First - i wanted to know how many process are currently running so i used this command:

$ ps | wc

i was expecting to one number, but the output was:

20 115 844

Three numbers were printed - with a space in the size of 'tab' between them.

what are those numbers mean? are they somehow related to the different 'aux' i can use with ps? probably this is not one long number - that will mean my OS run over 20M process...


  • Welcome on the Unix SE! Note, "I" is written always in uppercase on English. – peterh Nov 4 '18 at 22:07

The wc man page says that it:

Print newline, word, and byte counts for each FILE, and a total line if more than one FILE is specified. With no FILE, or when FILE is -, read standard input.

Meaning those three numbers are the number of lines (20), words (115), and bytes (844) in the ps output.

If you only want the number of lines, use:

ps | wc -l

The command man wc would explain exactly what the wc command does when not given any options on the command line.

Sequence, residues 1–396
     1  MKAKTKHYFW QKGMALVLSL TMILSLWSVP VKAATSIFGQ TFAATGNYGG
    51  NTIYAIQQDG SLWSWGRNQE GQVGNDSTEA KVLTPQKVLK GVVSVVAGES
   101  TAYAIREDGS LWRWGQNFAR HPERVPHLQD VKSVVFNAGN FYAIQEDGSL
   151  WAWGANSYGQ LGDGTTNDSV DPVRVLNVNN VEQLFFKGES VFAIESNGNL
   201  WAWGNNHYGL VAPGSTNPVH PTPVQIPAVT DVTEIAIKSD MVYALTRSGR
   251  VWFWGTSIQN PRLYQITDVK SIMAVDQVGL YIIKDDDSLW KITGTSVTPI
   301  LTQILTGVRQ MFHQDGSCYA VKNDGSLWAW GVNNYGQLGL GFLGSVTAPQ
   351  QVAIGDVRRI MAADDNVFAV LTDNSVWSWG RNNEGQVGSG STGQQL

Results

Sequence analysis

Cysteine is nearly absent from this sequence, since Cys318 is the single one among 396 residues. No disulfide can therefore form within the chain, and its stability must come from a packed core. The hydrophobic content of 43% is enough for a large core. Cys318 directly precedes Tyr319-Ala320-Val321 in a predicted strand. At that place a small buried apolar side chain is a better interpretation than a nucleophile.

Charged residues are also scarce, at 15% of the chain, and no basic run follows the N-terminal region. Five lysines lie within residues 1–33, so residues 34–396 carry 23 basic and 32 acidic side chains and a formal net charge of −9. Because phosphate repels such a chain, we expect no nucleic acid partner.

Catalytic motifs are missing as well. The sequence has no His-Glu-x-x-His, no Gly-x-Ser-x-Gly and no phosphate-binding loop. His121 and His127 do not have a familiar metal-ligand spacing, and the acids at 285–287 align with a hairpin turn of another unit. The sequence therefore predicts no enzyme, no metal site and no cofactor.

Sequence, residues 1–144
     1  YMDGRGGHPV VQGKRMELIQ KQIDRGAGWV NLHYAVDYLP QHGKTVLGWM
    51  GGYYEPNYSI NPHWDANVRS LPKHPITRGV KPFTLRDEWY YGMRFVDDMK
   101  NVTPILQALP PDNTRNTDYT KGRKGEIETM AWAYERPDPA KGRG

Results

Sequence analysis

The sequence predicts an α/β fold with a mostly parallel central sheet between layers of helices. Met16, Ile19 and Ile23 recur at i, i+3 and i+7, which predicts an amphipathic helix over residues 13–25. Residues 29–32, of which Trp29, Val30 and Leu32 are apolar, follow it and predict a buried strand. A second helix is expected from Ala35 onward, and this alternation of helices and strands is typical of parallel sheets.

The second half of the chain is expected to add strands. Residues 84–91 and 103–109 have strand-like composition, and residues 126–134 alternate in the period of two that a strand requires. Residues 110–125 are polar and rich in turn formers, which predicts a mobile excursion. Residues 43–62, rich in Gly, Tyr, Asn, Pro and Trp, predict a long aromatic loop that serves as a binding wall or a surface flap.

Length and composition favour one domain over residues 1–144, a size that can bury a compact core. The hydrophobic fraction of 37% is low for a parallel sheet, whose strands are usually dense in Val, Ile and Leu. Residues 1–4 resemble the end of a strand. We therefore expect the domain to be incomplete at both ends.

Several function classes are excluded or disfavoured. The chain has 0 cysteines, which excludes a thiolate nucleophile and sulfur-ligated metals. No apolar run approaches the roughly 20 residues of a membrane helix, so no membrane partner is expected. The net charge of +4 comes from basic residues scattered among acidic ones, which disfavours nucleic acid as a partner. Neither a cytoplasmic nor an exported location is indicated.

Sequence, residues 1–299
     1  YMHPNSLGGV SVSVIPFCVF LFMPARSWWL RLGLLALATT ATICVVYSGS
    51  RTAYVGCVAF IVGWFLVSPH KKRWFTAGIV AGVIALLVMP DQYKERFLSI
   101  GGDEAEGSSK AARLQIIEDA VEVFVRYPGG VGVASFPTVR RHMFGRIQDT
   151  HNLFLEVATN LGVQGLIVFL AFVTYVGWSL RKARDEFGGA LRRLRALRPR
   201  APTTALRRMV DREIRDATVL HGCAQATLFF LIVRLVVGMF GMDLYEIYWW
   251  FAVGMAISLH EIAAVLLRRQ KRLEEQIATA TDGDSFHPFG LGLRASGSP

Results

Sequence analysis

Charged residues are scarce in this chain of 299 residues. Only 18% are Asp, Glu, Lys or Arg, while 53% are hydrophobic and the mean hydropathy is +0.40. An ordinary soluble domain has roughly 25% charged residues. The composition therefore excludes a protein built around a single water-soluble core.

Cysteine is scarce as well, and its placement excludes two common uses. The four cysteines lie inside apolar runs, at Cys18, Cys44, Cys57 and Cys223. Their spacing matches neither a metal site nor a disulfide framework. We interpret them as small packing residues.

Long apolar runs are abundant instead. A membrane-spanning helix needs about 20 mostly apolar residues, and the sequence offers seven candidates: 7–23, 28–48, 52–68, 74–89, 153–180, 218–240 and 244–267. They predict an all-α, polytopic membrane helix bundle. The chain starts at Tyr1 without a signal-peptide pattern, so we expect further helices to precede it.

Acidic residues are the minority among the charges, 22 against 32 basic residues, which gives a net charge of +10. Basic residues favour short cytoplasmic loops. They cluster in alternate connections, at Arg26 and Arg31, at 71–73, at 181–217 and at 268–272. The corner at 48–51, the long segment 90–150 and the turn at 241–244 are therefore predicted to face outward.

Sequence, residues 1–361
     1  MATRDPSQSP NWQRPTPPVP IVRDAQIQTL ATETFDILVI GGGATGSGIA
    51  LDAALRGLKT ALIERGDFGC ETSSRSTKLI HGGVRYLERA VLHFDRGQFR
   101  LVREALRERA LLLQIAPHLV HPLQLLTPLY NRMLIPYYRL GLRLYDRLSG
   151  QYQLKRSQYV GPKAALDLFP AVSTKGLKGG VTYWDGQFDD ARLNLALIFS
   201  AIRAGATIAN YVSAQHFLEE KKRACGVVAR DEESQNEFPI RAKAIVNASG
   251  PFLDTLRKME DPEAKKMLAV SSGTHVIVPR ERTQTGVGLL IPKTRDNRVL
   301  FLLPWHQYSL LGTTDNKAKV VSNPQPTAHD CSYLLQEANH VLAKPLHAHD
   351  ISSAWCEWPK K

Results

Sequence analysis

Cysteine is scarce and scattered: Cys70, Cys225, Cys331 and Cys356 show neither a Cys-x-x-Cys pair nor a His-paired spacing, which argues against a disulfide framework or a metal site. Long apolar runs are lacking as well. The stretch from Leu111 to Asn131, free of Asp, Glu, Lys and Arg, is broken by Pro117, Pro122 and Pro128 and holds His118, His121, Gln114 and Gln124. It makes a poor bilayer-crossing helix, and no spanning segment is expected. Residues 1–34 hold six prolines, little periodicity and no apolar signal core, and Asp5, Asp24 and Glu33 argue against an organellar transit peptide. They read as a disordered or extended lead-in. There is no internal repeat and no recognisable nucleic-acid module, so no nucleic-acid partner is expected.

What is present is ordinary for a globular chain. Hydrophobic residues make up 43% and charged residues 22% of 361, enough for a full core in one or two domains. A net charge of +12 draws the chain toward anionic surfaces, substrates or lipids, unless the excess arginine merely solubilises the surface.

It may contain something like


The wc utility shall read one or more input files and, by default, write the number of <newline> characters, words, and bytes contained in each input file to the standard output.

(taken from the POSIX specification of this standard utility)

This means that the numbers that you see are the number of newline characters (or "lines"), the number of words (by some definition of "word" that possibly depends on your locale) and the number of bytes in the output of ps.

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